Sad jams: this could be the last time we have multiple baseball games on one day this year. What’s on tap:
Giants vs. Cardinals, 4PM Eastern: Fox: The series is tied 1-1, but in some ways it feels like the Cardinals are behind. Probably because their starting pitching is in need of some stability. Indeed, they haven’t had a starter go more than four innings in three straight playoff games. Sure, they’ve won two of those three games, but they can’t really expect to make it through a seven game series with the tightrope act they’ve had on display.
Kyle Lohse (16-3, 2.86 ERA) takes the hill for the Cards and will try to turn that dynamic around. This will be his first action against San Francisco this season. Matt Cain (16-5, 2.79 ERA) goes for the Giants. He faced the Cardinals twice in 2012 and was beat up pretty badly, surrendering nine runs in 11 and two-thirds innings over two starts. At present it looks like Giants second baseman Marco Scutaro will play despite the strained hip he suffered as a result of Matt Holliday’s farkakte slide in Monday’s game, but he is in some pain and we could just as easily see Ryan Theriot take his place.
Yankees vs. Tigers, 8PM Eastern: TBS: It’s do or die time for the Bombers, and if they have to do, at least they have CC Sabathia on the mound. The Yankees ace came up aces in each of his two playoff starts so far, and they need him to do it again or else it’s fishin’ season for New York. He’s 15-6 with a 3.38 ERA on the year. He made three starts against the Tigers in 2012, winning all three, while allowing eight earned runs in 21 and two-thirds. Countering Sabathia will be Max Scherzer (16-7, 3.74). He was rocked by the Yankees in his lone start against them this year, but that came way back on April 29, and Scherzer in the second half of the season was a way different pitcher — a way better one — than he was back then.
The real issue isn’t the pitching, though — the Yankees’ pitching has been pretty fantastic, actually — it’s the dead bats. A-Rod and Nick Swisher seem like personae non gratae in Joe Girardi’s lineup, and even when they’ve been in it, they have been non-entities. As has Robinson Cano, Curtis Granderson and just about everyone else. You can’t win if you don’t score, and the Yankees just haven’t done it. If this is the last time they play in 2012, it’ll be because the bats just died.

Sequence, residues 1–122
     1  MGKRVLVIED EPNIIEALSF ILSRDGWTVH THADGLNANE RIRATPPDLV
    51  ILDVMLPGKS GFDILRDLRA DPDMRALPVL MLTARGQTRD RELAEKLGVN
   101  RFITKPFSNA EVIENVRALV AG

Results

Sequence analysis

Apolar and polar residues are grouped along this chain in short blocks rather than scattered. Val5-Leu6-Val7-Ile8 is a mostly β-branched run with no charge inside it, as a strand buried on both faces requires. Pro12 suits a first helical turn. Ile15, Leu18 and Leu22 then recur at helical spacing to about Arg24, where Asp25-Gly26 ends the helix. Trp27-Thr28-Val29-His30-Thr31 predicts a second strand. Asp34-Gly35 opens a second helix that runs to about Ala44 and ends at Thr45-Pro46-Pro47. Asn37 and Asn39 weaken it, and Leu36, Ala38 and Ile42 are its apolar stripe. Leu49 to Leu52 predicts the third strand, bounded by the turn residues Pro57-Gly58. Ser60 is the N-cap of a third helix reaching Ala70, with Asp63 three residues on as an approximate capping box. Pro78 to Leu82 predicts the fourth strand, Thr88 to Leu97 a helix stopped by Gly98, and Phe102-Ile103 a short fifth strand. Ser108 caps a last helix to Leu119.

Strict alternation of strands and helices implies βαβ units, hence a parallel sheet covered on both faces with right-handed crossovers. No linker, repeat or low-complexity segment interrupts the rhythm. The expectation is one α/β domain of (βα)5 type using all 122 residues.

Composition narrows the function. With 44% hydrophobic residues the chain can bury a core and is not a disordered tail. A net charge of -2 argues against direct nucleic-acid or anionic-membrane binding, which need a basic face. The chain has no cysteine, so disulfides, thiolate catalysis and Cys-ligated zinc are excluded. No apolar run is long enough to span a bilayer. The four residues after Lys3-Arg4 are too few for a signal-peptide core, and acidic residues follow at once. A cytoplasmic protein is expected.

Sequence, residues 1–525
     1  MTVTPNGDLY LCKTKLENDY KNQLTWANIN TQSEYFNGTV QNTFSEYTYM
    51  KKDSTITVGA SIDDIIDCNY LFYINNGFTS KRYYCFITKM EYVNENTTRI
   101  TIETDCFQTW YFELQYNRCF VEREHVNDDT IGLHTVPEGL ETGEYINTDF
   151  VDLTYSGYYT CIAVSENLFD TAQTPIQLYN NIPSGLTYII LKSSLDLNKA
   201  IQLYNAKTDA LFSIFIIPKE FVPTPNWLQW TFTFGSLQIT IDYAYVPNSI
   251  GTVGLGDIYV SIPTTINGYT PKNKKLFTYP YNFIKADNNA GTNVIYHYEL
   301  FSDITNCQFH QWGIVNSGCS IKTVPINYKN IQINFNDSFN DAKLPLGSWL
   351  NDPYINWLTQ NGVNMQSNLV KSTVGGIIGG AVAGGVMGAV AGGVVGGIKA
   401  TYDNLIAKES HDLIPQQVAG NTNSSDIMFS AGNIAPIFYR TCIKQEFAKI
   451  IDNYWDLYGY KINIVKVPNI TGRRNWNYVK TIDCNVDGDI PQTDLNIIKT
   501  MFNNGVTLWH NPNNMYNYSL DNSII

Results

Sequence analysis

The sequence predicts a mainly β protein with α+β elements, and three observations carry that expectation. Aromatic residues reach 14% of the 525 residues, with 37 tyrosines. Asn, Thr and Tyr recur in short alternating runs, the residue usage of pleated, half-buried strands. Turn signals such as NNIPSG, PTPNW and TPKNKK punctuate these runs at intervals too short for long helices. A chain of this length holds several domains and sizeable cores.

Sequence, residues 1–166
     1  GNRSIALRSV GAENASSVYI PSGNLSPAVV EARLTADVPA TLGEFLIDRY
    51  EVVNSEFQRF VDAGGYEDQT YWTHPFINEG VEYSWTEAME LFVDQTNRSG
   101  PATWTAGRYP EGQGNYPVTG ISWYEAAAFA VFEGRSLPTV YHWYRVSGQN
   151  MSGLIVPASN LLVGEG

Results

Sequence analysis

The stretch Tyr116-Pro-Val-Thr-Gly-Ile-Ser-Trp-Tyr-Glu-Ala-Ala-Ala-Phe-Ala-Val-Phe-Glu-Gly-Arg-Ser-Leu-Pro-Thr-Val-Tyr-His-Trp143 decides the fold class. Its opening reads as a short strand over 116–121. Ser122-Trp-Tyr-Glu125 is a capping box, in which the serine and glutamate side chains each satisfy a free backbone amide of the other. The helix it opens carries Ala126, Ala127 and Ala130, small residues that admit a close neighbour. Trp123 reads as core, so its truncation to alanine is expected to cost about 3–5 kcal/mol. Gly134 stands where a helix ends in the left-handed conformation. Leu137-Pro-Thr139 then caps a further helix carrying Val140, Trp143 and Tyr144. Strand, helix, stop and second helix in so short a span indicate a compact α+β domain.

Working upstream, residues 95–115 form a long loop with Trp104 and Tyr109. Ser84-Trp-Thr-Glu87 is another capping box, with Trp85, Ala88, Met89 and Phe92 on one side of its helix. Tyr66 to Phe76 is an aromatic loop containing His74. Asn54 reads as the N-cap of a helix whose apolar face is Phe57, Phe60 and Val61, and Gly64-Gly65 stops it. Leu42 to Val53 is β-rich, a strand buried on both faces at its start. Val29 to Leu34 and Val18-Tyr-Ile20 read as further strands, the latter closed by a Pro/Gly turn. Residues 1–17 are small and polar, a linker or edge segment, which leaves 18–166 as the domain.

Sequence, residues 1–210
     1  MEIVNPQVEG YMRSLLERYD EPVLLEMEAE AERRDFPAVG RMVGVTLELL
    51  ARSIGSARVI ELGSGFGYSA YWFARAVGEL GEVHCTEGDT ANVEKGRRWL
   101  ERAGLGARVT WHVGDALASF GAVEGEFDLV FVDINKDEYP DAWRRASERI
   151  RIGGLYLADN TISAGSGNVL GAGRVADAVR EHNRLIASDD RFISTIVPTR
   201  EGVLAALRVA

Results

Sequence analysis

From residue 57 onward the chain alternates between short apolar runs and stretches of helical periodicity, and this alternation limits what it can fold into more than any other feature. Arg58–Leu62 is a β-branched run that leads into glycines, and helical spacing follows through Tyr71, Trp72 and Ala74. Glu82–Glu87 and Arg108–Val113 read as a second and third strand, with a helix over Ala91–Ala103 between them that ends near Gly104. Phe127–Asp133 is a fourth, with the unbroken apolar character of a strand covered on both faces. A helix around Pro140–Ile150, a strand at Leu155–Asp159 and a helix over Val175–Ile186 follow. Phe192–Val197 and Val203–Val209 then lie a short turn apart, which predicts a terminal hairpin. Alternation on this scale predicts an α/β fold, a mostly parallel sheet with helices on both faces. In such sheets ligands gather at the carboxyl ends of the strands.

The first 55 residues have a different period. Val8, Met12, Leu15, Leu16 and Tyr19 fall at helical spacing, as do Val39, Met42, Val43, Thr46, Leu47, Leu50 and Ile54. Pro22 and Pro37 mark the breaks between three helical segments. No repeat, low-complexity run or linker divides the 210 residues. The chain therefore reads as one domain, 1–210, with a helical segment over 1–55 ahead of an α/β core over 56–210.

With four runs scored during Sunday’s 23-5 drubbing of the Mets, Nationals outfielder Bryce Harper set a new April record for runs scored at 32, MLB.com’s Oliver Macklin reports. The record was previously held by Larry Walker, who scored 29 runs for the Rockies in April 1997.
Harper finished 2-for-4 with a pair of walks and a solo home run (off of Mets catcher Kevin Plawecki) on the afternoon. He’s now hitting .391/.509/.772 with nine home runs and 26 RBI on the year.
Nationals third baseman Anthony Rendon became the first player in nearly a decade to knock in 10 runs in one game, doing so on Sunday afternoon at home against the Mets. Rendon went 6-for-6 with three home runs along with the 10 RBI. It’s Rendon’s first time achieving any of the three feats — six hits, three homers, 10 RBI — individually in a game.
The Nationals trounced the Mets 23-5. In total, they hit seven homers. Along with Rendon’s three, Matt Wieters hit two while Bryce Harper and Adam Lind hit one each. Wieters had four RBI; Ryan Zimmerman, Michael Taylor, and Lind knocked in two each. The Nationals have now scored double-digit runs in four out of their last six games.
Angels outfielder Garret Anderson was the last player to drive in 10 runs in one game, achieving the feat on August 21, 2007 against the Yankees. Rendon is the 13th player since 1913 to drive in 10 runs in a single game and only the third to do it this millennium.
There were four six-hit games from individual players last season, eclipsing the aggregate total of three from 2010-15. The last player to have six hits, including three home runs, in one game was the Dodgers’ Shawn Green on May 23, 2002 against the Brewers. The only player to have six hits, including three homers, and 10 RBI in a game was Walker Cooper of the 1949 Reds.
The last team to score at least 23 runs in a game was the Rangers on August 22, 2007 against the Orioles when they won 30-3. Sunday’s contest was the seventh time this millennium a team has scored at least 23 runs and the 47th dating back to 1913. The only other time Mets pitching had allowed 23 runs in a game was on June 11, 1985 against the Phillies.
Things keep going wrong for the Mets. Noah Syndergaard started Sunday’s game after refusing an MRI for his sore biceps. He lasted only 1 1/3 innings, giving up five runs, before being pulled with a lat strain. The last-place Mets are now 10-14.